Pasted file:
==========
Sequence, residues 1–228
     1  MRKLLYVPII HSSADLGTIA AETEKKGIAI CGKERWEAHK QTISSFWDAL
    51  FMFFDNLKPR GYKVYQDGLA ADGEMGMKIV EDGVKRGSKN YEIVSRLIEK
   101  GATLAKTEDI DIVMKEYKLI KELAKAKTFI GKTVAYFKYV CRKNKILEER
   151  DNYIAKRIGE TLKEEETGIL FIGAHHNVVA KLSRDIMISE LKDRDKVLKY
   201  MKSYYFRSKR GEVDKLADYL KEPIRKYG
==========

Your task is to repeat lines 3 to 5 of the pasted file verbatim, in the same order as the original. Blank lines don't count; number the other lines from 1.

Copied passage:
    51  FMFFDNLKPR GYKVYQDGLA ADGEMGMKIV EDGVKRGSKN YEIVSRLIEK
   101  GATLAKTEDI DIVMKEYKLI KELAKAKTFI GKTVAYFKYV CRKNKILEER
   151  DNYIAKRIGE TLKEEETGIL FIGAHHNVVA KLSRDIMISE LKDRDKVLKY